A Disciple’s Focus
As I type, I am listening to David Benoit’s version of “Linus and Lucy,” one of my favorite instrumental pieces. Benoit’s version is very busy. I think I’ll go on You Tube to hear the old version …
Wait a minute.
As I write, I have 10 documents open on my computer and three Bibles open on my desk. I have to review some notes from my recent sermon and I need to go over the final details for the Maundy Thursday and Good Friday services. And then I need to …
Wait a minute.
I am supposed to be centering my thought, reflecting on the call of Jesus in my life, focusing on what it is to be his follower. I am to be about the process of setting my inner self toward Easter and the movements (Last Supper, Crucifixion) that lead up to it. I have serious thinking to do and yet, so many other competitors vie for my attention.
It reminds of the past two days. My family visited Washington DC. We went to Museum of Natural History, the White House visitor’s center, the MLK, Korean War, and Lincoln Memorials, and both Air and Space Museums (on the national mall and at Dulles Airport). There were so many people, kids there on spring break. The crowds were loud, cacophonous. The exhibits overwhelmed one’s senses. I can still feel the dizziness of it all. Maybe I need to go through the pictures and …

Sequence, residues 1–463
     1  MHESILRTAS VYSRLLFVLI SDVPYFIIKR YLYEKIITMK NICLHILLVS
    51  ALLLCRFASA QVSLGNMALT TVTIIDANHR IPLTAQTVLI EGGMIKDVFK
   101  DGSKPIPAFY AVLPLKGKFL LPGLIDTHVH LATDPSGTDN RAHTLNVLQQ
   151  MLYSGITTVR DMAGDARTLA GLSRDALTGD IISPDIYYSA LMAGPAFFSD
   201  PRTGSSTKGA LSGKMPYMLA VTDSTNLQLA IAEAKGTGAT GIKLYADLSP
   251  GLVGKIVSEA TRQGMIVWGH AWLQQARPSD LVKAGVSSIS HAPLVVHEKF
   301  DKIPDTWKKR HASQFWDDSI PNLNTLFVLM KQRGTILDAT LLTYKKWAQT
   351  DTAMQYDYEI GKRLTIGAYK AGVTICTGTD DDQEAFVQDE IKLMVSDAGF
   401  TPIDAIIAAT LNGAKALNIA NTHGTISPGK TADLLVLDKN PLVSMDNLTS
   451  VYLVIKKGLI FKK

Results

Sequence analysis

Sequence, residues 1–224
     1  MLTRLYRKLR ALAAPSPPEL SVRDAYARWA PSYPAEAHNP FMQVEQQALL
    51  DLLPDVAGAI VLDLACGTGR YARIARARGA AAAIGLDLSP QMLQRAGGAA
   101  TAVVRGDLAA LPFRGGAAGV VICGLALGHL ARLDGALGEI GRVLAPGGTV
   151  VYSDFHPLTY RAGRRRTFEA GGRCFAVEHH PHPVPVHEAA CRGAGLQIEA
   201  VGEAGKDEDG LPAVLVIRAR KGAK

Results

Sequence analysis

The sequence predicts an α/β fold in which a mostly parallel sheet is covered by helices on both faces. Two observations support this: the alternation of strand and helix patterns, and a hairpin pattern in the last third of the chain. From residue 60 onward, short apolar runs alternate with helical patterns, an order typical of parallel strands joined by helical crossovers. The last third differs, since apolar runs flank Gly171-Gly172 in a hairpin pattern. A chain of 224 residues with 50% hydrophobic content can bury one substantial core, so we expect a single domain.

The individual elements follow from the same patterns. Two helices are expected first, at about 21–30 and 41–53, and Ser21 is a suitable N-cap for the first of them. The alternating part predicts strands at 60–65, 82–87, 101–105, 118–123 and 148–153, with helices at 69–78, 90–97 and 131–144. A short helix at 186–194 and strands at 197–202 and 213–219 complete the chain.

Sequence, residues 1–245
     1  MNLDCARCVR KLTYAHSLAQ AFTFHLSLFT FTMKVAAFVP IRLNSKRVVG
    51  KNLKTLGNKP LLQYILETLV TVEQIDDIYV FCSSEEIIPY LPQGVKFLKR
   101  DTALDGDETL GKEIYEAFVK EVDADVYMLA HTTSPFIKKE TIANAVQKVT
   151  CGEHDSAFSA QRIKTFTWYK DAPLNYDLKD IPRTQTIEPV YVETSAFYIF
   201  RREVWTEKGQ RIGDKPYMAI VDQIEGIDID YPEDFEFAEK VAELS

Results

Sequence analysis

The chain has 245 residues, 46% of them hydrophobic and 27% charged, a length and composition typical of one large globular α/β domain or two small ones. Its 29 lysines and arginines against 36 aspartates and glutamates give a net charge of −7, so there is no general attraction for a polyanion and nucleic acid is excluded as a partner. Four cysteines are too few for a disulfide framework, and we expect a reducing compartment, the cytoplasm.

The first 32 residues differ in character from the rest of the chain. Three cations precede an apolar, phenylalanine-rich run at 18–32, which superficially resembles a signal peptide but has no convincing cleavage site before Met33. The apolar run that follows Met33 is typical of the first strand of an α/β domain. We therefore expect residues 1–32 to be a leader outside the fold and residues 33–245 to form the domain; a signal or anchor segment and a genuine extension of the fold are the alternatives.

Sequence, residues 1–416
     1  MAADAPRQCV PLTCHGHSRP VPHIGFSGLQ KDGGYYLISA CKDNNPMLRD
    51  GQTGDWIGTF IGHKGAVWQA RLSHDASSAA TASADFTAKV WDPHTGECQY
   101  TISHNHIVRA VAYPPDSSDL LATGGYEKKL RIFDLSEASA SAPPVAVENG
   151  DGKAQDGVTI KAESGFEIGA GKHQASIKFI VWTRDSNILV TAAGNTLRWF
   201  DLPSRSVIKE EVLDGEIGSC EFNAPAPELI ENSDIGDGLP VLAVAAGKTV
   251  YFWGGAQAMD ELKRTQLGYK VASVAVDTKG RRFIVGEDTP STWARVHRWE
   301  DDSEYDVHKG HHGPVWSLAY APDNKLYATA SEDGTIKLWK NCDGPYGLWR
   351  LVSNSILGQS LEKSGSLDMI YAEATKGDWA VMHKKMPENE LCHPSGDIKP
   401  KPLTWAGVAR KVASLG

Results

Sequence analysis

Wait a minute.
What thoughts left the minds of Mary, Peter, and the beloved disciple (see John’s gospel) adrift? These three each came with their own distractions when they visited the tomb on that Sunday. One lingered, one hesitated, and one left as abruptly as he came. Even the absence of the body, even encounters with the Risen Christ were not enough to make everything clear. But meeting Jesus was enough to get their attention.
And it is enough to grab mine. In the word, in the people of the church, and in the Holy Spirit, I meet Jesus. It is always on his terms. Sometimes, I successfully eliminate distractions, and he is strangely silent. Sometimes, I am more distracted than I am even now, and still he breaks through, grabs my mind, and forces me to focus on Him. Most of the time … well, I cannot really say what happens most of the time. It is unique each time.
I am his. I may be a lousy disciple, but I am Jesus’ disciple. This Sunday, knowing the resurrection happened, I will approach the tomb much differently than those three disciples did. They were neck-deep in grief. I come with indescribable joy and gratitude. But also distracted.
Still, I step from all the noise of “Linus and Lucy” and memories and stacks on my desk, and the unending noise of my computer. I step from it into worship, toward Him. I step toward God, and with unending love He receives me and the worship I offer. He makes me new, which includes a renewal of my focus. And I follow Him as I know Him in Christ. Distractions will come again, and again He will call me back.
I don’t worry about being a lousy disciple. I know some days I get it right and love rightly, as Jesus loves. I know there are moments in which I am a very good disciple. And there are many when I am not. But my discipleship is not a measure of my talents as a Christ-follower. This is about His love and grace, and it is about his faithfulness. His promise to be with me and to give eternal life is one I can trust.
So, I’ll try to be a good disciple. I’ll do my best. But even when I get distracted, He’ll call me back and I will come back. I will gratefully receive his grace because my disciple life is a life about the goodness of Jesus. He is the one who determines how things go, Thank God.